Long-term academic                                                   —Pressure to complete and perform well

    —Encourage learning during leisure time                    —Confusion of instructional technique

    —Improved attitude toward school                       Cheating

    —Better study habits and skills                                 —Copying from other students

Nonacademic                                                              —Help beyond tutoring

    —Greater self-direction                                        Increased differences between low and high

    —Greater self-discipline                                       achievers

    —Better time organization                                    

    —More inquisitiveness                                         

    —More independent problem solving                   

Greater parental appreciation of and

involvement in schooling                                       



Finally, Cooper (1994) and other researchers have begun to explore the concept of a “level playing field.”  This refers to the wide variety of home life situations in which children reside.  Whereas one child may have a warm meal waiting for him/her and a well-lit, clean, and quiet area in which to complete homework assignments, another child hurries home to cook dinner and take care of his/her siblings and has little time to complete assignments.  In some homes there is a lack of value placed on academics and the importance of homework is not reinforced.  The home conditions of some children are not conducive for completing lengthy, thought-provoking homework assignments.  The concept of a “level playing field” challenges the notion that just because students attend the same school, they are provided with the same access to and opportunities for education.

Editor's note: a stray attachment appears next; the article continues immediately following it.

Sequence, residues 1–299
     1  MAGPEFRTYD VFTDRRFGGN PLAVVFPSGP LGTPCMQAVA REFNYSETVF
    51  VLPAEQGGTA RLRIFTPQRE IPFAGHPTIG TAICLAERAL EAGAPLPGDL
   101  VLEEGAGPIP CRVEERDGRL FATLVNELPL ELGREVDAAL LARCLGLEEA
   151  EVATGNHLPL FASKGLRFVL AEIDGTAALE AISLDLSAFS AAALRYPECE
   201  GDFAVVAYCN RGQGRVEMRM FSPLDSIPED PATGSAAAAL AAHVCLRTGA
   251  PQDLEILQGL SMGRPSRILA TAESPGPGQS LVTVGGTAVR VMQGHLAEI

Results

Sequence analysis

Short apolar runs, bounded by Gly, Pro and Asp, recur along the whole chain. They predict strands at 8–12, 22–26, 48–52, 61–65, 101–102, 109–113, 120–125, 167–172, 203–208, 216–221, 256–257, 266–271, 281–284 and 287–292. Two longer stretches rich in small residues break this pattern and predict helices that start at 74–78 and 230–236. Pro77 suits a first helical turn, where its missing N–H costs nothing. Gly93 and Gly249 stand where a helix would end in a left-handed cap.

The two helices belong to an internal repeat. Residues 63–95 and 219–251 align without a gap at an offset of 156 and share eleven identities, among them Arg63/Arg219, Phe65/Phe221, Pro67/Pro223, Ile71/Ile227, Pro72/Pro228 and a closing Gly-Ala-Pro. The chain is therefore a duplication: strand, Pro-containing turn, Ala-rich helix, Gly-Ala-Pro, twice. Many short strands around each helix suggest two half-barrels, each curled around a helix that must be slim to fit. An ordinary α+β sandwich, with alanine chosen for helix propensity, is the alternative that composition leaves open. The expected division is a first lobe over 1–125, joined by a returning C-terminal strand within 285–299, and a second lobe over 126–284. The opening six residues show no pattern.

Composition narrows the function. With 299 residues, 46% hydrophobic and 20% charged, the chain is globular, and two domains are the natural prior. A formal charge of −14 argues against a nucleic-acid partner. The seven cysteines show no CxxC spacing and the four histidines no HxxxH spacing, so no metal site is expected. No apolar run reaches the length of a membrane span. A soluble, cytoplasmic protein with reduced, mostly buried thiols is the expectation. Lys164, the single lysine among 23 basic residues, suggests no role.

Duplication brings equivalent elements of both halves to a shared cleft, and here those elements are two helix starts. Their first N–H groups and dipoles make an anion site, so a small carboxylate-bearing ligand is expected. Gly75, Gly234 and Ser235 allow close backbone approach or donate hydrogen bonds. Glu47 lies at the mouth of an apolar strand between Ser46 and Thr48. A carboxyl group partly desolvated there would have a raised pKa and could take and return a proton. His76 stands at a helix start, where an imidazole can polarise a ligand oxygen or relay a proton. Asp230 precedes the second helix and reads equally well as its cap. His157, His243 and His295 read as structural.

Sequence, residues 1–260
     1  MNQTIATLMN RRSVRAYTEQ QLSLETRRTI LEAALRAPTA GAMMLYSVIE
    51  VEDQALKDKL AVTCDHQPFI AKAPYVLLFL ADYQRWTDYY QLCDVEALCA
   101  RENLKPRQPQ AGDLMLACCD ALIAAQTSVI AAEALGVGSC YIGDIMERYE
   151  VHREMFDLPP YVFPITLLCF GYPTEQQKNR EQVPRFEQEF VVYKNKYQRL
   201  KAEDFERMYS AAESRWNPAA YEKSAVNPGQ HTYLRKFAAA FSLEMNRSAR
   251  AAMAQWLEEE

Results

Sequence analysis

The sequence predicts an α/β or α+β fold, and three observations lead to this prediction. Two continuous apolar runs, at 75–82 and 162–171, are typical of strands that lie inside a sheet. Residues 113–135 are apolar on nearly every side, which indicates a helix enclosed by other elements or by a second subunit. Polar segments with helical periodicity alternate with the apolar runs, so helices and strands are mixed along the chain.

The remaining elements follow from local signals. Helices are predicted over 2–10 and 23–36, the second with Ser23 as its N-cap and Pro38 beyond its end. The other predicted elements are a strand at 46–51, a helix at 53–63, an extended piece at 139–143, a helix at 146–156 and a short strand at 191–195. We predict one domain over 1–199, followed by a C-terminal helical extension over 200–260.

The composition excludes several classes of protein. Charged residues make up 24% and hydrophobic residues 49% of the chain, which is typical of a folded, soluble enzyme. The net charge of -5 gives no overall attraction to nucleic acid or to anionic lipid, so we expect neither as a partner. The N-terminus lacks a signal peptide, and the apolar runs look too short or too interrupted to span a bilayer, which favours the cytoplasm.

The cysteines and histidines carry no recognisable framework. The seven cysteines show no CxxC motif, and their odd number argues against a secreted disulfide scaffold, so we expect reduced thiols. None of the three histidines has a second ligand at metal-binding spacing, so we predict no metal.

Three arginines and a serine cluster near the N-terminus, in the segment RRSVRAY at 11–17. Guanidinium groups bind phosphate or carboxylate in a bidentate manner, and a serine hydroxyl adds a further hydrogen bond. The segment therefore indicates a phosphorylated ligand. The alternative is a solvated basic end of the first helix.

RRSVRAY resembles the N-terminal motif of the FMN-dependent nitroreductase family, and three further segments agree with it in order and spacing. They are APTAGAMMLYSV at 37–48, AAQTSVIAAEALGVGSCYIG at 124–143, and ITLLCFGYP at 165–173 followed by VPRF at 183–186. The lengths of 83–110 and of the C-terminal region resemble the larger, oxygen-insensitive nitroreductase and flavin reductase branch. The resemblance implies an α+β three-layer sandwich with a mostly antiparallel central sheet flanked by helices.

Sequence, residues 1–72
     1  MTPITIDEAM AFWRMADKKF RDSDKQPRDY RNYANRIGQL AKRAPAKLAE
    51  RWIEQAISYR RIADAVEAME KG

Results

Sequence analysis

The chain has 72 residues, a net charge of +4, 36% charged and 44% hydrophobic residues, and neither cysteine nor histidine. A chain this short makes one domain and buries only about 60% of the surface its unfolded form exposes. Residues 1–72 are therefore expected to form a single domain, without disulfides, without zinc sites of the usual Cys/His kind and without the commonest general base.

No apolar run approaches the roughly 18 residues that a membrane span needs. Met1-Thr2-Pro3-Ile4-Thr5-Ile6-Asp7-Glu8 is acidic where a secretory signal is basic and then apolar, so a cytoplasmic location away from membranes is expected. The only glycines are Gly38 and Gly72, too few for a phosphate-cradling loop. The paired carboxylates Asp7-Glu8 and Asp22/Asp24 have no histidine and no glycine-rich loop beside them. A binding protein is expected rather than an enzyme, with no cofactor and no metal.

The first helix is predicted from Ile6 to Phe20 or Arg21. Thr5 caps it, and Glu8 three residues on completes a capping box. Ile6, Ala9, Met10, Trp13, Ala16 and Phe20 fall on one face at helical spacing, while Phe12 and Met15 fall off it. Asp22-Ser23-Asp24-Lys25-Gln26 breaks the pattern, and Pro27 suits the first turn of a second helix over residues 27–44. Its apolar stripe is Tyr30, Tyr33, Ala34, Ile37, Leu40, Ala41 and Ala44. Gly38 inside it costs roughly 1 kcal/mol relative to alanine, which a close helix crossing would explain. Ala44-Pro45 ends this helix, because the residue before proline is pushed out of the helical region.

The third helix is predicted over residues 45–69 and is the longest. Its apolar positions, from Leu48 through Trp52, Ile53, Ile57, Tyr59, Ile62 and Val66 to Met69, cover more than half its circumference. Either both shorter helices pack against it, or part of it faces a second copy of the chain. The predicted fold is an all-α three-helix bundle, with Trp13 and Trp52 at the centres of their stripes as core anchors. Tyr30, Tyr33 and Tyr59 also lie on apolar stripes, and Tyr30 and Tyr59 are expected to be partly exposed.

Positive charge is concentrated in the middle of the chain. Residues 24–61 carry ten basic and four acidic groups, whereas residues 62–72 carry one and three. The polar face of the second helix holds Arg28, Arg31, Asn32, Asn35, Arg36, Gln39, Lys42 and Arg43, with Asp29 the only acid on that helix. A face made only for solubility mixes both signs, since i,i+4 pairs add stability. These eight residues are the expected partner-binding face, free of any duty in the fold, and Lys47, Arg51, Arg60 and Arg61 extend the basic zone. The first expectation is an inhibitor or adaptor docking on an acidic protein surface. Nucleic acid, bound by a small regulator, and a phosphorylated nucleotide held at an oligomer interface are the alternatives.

In their book, The End of Homework, Kralovec and Buell (2000), take the stance that while doing homework may instill a “sense of responsibility in students and help them to budget their time, ” (p. 2) much larger negative implications exist for homework and its effect on students, families, and the community at large.  The concern of the authors is that students are missing out on valuable family and personal time and are instead sent home with backpacks that wrench their backs and necks only to spend several hours agonizing over homework that they may not understand or have the resources at home to complete (Kralovec & Buell, 2000). 


Kralovec and Buell (2000) emphasize that the several hours spent each night doing homework takes away from invaluable time that could be better spent with family and other social commitments. “[Schools] separate parents and children from vital interaction with each other and from true curiosity about each other’s lives.  Schools stifle family originality by appropriating the critical time needed for any sound idea of family to develop—then they blame the family for its failure to be a family” (p. 10).  Family dinners are often missed due to the many hours of homework that needs to be planned around after-school sport and club schedules.  Activities such as Girl or Boy Scouts are often nonexistent after eighth grade due to overloaded student schedules.  The concern here is that at a time when top colleges and universities are increasingly seeking the “well-rounded” individual, students are being forced to limit their creative and community interests in order to concentrate on homework and grades.